Coalition Troops 'Must Quit Iraq In Months, Not Years': Iraq's Defence Minister -- Financial Times

By James Drummond in Baghdad and Jean Eaglesham in London
Published: May 26 2004 5:00 | Last Updated: May 26 2004 5:00

Iraq's defence minister said yesterday that he expected the US-led multinational force to remain in the country for less than a year, as the Governing Council insisted the next caretaker government should have the right to ask foreign troops to leave.

As Iraqis pondered the impact of the draft United Nations resolution put forward on Monday by the US and the UK, Ali Allawi, the defence minister, said in London that coalition troops would remain in Iraq for "months rather than years".

Iraq was not "starting from scratch" in building its own force because lots of soldiers were available from the old Iraqi army, Mr Allawi said.

He insisted the multinational force "will need to be replaced by an indigenous force, an Iraqi force, in the course of a year".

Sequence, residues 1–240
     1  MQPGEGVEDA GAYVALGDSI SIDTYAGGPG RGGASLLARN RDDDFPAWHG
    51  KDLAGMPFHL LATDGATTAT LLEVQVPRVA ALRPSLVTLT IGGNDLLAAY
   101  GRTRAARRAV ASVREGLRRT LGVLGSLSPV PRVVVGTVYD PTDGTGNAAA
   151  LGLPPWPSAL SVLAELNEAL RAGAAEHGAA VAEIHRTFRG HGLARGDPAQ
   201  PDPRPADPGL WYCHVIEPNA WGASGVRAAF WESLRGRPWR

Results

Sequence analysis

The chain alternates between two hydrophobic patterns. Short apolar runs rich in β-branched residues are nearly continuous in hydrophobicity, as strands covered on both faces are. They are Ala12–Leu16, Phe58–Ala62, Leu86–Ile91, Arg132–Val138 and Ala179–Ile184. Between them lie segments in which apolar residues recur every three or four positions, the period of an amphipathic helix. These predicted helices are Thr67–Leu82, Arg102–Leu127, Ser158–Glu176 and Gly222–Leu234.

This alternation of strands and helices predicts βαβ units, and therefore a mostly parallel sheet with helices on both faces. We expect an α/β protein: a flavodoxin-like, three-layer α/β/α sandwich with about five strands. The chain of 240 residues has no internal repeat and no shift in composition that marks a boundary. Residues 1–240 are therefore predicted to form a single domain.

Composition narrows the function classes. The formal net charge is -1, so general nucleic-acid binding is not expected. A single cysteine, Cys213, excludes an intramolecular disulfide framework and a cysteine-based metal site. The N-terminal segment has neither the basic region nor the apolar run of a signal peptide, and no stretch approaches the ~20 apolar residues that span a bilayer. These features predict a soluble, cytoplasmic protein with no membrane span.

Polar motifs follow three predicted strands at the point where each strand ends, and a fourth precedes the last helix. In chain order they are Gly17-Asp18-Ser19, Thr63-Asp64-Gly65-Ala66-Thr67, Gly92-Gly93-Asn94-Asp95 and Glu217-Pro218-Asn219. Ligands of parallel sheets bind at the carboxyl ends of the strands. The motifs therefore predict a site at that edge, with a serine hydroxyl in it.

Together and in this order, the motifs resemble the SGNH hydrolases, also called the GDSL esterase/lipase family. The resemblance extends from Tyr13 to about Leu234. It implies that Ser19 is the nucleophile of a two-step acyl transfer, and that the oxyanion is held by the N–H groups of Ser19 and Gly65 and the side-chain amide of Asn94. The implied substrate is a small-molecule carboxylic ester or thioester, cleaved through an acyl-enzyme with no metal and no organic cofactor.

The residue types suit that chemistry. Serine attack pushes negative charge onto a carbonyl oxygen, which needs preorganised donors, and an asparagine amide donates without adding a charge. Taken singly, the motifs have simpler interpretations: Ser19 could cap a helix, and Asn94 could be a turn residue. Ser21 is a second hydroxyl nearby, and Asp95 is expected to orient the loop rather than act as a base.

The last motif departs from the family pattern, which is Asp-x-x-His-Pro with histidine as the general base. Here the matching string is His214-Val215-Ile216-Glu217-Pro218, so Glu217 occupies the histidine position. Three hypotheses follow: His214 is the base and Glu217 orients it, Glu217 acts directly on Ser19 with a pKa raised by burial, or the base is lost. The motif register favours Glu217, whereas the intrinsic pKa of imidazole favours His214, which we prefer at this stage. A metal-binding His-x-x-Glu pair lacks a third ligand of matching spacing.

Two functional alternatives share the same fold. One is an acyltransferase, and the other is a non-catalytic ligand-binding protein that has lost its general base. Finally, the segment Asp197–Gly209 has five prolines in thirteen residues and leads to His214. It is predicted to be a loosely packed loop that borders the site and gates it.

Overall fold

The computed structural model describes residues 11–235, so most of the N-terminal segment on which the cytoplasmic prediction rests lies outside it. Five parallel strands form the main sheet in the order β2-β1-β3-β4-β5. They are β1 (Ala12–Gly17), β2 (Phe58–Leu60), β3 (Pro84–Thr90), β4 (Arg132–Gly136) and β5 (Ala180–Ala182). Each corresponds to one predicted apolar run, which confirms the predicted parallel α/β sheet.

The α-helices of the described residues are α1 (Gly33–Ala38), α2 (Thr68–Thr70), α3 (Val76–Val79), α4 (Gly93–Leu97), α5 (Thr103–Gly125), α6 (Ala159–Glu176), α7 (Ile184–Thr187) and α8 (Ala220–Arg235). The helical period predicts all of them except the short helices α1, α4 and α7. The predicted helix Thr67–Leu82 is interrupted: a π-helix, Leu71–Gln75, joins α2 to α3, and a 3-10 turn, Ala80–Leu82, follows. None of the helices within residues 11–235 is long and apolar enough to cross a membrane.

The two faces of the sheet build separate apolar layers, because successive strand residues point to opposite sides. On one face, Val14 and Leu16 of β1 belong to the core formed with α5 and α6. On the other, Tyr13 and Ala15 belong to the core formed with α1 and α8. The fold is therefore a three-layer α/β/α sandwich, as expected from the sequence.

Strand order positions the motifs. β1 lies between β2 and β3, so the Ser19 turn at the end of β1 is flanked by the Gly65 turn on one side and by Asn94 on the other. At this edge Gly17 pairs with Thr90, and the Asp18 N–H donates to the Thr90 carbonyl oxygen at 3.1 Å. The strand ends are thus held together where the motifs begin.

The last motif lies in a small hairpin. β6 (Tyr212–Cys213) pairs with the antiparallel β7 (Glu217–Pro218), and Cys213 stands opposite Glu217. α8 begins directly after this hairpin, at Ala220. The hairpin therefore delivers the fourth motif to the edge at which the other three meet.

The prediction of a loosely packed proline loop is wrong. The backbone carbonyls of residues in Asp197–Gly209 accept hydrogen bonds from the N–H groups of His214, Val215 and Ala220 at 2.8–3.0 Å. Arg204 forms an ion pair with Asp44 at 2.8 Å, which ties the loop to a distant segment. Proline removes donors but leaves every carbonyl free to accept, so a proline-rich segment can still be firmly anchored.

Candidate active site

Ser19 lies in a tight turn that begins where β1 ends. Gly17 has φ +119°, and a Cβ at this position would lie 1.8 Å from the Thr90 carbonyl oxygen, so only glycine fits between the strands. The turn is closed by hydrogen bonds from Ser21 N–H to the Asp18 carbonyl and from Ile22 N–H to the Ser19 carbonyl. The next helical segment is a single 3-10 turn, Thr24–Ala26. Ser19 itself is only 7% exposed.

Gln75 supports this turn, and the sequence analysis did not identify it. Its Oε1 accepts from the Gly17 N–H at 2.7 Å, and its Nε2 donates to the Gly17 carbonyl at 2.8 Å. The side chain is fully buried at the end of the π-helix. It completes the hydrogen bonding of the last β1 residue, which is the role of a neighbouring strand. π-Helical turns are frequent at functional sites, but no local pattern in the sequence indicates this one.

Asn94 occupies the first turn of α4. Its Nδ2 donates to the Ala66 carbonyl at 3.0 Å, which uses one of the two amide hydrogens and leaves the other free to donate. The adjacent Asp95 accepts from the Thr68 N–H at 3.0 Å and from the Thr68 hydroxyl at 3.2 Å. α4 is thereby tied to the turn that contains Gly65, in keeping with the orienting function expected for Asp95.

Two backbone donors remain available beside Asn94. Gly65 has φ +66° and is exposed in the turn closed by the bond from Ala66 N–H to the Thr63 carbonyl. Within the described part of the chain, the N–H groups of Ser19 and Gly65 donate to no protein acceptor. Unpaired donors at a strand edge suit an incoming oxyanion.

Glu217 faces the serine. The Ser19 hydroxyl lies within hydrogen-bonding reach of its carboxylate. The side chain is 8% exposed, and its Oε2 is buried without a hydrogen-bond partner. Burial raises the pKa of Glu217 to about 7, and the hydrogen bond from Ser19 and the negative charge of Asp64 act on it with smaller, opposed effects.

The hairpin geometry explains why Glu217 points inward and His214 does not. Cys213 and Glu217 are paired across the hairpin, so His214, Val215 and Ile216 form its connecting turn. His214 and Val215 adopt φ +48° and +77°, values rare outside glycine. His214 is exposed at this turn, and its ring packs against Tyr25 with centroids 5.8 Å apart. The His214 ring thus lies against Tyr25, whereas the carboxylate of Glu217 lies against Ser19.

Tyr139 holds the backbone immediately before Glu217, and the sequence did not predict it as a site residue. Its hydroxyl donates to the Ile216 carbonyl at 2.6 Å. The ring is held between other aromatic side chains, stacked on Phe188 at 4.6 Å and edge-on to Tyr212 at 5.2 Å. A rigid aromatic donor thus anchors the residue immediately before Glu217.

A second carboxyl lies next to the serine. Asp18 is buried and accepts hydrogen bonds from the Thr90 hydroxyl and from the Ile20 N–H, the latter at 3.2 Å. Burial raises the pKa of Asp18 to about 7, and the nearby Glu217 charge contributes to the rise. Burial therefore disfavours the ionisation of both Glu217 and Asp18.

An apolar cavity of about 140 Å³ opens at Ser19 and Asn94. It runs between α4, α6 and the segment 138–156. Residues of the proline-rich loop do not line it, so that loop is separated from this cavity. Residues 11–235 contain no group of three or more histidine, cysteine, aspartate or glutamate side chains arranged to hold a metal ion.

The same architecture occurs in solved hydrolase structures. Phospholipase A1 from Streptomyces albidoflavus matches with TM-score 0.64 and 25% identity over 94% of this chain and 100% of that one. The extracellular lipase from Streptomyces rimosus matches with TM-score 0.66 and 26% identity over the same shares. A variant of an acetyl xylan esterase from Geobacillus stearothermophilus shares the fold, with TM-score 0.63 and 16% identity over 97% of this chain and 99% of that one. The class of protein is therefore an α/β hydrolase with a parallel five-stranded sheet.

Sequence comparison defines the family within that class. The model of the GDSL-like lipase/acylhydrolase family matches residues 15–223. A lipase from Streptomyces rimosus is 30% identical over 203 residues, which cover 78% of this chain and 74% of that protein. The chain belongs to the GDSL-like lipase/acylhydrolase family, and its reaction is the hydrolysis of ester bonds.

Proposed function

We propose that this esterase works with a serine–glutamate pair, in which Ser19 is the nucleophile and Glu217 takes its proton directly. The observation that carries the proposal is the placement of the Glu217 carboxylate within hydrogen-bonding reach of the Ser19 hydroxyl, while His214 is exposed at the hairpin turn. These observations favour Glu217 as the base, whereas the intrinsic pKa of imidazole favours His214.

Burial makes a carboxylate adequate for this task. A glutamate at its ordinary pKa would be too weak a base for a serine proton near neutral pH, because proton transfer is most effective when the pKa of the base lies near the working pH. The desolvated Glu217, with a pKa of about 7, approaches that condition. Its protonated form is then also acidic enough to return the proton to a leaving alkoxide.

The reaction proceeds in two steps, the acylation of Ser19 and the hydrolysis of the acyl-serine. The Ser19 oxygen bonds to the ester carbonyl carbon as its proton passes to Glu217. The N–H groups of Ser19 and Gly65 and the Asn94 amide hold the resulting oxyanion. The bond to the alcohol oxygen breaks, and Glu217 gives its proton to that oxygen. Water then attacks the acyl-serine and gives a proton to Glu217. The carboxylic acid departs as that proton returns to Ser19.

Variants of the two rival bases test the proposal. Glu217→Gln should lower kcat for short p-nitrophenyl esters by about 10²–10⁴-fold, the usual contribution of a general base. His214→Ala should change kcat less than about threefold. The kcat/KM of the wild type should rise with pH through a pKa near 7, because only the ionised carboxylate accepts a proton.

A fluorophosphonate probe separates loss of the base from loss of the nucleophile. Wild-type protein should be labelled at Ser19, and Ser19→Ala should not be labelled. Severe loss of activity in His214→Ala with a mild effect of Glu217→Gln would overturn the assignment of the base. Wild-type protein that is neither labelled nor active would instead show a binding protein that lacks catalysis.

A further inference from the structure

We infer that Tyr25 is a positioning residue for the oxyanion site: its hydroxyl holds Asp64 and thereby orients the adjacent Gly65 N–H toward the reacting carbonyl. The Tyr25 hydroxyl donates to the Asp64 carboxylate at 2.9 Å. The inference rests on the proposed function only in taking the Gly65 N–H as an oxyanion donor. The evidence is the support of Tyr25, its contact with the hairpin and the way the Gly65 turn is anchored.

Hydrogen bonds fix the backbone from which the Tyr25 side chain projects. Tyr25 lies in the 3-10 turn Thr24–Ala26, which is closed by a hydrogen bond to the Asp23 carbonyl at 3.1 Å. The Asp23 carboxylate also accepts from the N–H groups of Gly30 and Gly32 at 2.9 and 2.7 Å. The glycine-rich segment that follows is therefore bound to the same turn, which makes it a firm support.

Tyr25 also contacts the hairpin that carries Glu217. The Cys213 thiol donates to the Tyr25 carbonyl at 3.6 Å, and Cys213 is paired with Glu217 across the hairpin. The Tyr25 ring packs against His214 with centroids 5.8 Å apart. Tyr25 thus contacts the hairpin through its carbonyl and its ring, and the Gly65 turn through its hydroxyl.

Mr Allawi's confidence that non-Iraqi troops would be gone within a year is not shared by Washington or London. Indeed, Mr Allawi may well not remain defence minister after a new interim government takes over on June 30. But the US and UK are keen to support Iraqi assertions that Iraq will be granted real sovereignty on June 30.

Such claims were reinforced in Baghdad yesterday by Samir Sumaidai, the interior minister. He told a press conference he thought the country would be "turning the corner fairly soon, in the next two to three months", in delivering security.

Iraqi officials have been eager to have an input into the UN resolution. But serious consultations with Iraqis will take place only after Lakhdar Brahimi, the UN envoy, selects the caretaker government. Mr Brahimi, now in Baghdad, is due to name a president, a prime minister, two vice-presidents and 26 ministers soon, possibly as early as next week. They would stay in office until elections expected by January 2005.

Hamed al-Bayati, deputy foreign minister, said Iraqis considered full sovereignty to mean that big military operations by the multinational force would need the consent of the new Iraqi government - a suggestion backed yesterday by Tony Blair, UK prime minister.

Sheikh Ghazi al-Yawar, head of the US-appointed Governing Council, welcomed the draft resolution but suggested Iraqis should not face international supervision of a development fund in which oil revenues are deposited.

Kurdish officials expressed disappointment there was no mention in the resolution of the interim constitution, which provides guarantees for their community.